Wednesday, April 10, 2013

Rain forest economics


The rainforests of the world are now down about 20% from what they originally were. The majority of the problem is due to croplands, cattle ranches and logging. The human population is expanding and is driving the demand for more land dedicated to food production. The forests are home to millions of species of plants and animals and with more loss to the forest then the more species will be lost. Studies are now suggesting that deforestation is slowing down through various means of effort, however deforestation still continues and it seems to be centered on illegal logging.
Many laws have been put in place to stop logging or at least limit it. This has caused numerous mills to go bankrupt and thousands have lost their jobs. As a result, some companies continued logging but it was more off of the books. Bribing also became a serious issue because it showed that companies that were either caught overharvesting or logging when they were supposed to be closed and getting away with it. If the companies were able to log, they could then sell the timber overseas without problems because no laws prevented it. In 2008, the Lacey Act was amended to make selling illegal timber a crime. Many countries have been fighting logging at every turn and the data is showing a decline. However, the forests are still disappearing.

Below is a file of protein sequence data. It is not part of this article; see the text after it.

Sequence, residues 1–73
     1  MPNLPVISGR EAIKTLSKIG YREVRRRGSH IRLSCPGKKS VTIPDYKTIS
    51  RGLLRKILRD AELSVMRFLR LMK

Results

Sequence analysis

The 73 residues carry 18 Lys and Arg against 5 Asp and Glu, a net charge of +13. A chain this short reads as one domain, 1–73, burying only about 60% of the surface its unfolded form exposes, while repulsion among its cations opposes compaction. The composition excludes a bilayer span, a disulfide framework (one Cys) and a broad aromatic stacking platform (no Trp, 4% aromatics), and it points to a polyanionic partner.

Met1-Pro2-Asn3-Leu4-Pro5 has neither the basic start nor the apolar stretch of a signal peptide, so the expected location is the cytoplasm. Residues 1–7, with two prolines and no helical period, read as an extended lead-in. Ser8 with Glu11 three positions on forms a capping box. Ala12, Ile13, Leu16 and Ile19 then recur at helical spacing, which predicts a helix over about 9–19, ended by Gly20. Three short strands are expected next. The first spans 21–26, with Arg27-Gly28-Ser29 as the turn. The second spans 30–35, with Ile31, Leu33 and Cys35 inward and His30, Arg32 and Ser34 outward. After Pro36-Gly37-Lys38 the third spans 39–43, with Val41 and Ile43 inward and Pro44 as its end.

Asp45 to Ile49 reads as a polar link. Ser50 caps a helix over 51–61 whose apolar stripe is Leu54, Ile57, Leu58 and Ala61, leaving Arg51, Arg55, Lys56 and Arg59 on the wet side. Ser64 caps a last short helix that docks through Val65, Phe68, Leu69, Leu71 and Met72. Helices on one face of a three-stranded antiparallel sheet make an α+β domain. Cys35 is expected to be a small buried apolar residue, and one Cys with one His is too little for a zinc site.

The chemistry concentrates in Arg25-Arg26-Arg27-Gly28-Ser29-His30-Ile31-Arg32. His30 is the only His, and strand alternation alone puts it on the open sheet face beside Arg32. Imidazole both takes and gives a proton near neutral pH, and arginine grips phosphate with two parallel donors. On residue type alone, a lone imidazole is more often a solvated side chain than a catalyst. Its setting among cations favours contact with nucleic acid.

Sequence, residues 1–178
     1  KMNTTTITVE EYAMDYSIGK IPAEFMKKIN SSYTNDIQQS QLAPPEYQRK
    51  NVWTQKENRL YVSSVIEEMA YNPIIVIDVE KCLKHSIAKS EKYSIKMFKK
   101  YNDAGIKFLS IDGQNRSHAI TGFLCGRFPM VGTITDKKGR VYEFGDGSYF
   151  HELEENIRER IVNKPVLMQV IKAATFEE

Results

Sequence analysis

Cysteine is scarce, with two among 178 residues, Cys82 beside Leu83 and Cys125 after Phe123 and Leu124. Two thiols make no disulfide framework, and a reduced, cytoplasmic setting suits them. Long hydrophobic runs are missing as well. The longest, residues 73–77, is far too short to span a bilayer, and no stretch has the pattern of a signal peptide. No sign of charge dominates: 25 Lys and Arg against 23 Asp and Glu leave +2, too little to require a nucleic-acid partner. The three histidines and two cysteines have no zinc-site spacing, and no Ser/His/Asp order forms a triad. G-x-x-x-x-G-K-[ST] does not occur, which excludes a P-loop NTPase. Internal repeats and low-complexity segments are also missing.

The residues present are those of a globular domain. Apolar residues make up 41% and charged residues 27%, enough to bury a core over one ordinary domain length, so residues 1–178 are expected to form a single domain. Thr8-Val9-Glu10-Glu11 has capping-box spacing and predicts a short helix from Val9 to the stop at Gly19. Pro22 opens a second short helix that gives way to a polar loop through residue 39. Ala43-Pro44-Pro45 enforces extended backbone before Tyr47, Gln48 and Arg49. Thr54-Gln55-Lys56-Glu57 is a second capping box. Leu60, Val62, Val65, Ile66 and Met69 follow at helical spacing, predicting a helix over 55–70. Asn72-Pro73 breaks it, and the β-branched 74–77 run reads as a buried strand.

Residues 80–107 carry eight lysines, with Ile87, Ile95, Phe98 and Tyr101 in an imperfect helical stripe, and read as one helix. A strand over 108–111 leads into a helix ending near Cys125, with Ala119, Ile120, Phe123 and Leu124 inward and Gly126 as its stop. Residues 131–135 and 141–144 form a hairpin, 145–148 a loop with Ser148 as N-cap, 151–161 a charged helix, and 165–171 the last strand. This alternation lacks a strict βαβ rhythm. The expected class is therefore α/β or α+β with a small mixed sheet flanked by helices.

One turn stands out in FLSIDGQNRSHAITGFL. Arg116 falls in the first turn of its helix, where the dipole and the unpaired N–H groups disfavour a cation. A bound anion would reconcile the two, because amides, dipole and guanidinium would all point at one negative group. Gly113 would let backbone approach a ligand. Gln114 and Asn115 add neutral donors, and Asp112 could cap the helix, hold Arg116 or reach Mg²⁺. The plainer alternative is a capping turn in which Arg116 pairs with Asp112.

I think this is a good thing to happen for the forests and all of the plants and animals living in them, however, it is costing a lot of people their jobs and money. It is no surprise to see companies start illegally logging and bribing out of desperation. The bribing is one way of getting around the laws and it shows that even stricter laws are necessary and more effective overseers are required. With the rise in the human population continuing it will be difficult to stop deforestation completely. 

--Andy Feild

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